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Speaking of Ricky Rubio, if you didn’t get the chance to see last night’s game, you missed some real gems. This one is a must-see; the aspect ratio is weird but that doesn’t make it any less beautiful. Enjoy:

The amazing thing about this is that the ridiculous around-the-body dribble was clearly both improvised and fully necessitated by the play. Do you see how Farmar bites on the feigned behind-the-back pass? And how that little lean opens up a nice little lane into the corner for Wes to slide into?

Watching the Wolves over the past week, I’ve been struck over and over both by the team’ curiously shaped, oddly angled roster, as well as the crafty ways in which Rick Adelman has managed to patch it all together.  In recent games we’ve been treated to such curiosities as: Kevin Love guarding Pau Gasol; Luke Ridnour checking Metta W. Peace (and Paul George and Anthony Morrow and Deron Williams); Martell Webster doing his honest best on Kevin Martin. These are not exactly dream matchups; the fact that the Wolves have managed to win two of those games speaks highly both of the team’s level of investment and their coach’s ingenuity.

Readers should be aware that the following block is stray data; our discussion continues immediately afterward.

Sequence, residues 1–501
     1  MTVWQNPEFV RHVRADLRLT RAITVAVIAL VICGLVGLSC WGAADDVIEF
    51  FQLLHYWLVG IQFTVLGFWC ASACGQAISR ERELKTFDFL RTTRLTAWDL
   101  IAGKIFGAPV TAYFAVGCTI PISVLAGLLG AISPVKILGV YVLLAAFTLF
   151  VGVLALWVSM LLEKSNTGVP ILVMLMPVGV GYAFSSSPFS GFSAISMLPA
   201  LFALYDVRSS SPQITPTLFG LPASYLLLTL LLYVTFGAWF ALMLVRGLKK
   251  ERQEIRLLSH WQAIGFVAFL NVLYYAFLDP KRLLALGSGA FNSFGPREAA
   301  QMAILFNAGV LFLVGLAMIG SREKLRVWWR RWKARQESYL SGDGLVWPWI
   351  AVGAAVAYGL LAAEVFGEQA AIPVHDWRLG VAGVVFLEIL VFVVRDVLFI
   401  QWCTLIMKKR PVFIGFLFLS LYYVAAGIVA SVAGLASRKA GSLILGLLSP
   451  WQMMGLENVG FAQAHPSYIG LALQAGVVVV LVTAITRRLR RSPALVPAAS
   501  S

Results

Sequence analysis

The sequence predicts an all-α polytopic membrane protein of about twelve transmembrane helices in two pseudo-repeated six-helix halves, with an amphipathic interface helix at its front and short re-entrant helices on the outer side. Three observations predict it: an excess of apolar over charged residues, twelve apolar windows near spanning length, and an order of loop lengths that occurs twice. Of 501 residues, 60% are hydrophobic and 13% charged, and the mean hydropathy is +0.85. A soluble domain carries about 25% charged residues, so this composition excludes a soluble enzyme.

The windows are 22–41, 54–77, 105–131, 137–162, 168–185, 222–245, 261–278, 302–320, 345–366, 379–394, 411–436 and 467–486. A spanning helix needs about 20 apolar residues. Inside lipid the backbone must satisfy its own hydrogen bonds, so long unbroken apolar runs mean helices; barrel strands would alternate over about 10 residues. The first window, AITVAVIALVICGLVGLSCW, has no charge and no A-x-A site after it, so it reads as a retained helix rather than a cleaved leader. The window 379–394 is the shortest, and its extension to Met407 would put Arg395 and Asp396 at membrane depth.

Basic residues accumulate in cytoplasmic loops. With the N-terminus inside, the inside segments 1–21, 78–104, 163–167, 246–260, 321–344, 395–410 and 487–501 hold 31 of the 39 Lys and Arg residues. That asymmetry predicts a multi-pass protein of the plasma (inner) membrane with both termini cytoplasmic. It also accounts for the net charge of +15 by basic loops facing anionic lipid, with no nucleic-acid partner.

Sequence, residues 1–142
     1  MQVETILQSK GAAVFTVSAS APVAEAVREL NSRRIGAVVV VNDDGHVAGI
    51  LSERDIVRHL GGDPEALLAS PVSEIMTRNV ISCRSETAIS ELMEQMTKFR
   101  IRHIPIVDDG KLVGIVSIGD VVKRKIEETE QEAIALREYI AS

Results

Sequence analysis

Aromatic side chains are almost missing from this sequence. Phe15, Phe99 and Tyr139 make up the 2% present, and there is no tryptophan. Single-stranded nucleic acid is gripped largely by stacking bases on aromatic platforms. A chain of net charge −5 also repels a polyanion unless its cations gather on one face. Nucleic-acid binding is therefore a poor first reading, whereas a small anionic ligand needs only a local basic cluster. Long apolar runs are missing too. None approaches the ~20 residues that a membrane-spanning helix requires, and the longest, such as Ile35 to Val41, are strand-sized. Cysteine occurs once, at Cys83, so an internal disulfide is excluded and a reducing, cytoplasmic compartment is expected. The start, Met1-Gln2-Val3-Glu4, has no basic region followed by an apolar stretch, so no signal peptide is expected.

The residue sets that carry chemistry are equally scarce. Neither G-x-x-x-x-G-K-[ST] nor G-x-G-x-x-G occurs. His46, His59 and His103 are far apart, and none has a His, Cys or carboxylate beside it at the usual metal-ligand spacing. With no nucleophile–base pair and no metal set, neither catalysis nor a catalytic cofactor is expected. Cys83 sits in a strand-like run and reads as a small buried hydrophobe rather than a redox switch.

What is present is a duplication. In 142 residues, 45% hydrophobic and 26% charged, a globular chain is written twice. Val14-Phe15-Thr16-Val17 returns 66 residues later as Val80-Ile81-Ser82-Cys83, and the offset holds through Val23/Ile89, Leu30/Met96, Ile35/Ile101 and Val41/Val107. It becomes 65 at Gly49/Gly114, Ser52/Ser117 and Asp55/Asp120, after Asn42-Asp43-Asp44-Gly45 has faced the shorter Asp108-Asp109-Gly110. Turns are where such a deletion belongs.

Friday night’s game in Newark offered more for Adelman to puzzle over. Inserting Ridnour into the starting lineup at the off guard has, at the very least, allowed Wesley Johnson to slide over to his natural wing position, where he plays his best defense and is saddled with significantly less ball-handling responsibility (a good thing).  But, drawbacks. As we’ve discussed/lamented many times over, the lineup of Rubio, Ridnour, Johnson, Love and Darko/Pekovic is conspicuously lacking in a bona-fide NBA shot creator and scorer. Enter Michael Beasley and Jose Barea who, theoretically at least, ought to be able to inject energetic one-on-one scoring into the mix.

Continue Reading…

Hopefully you’re all somewhat familiar with Devin Kharpertian and the fantastic work he and his team do at Nets Are Scorching, our Nets blog in the TrueHoop Network.

He and I exchanged three questions each to prepare for tonight’s contest in New Jersey. Here are his answers about the Nets and then my answers for him about the Wolves. Enjoy.  Continue Reading…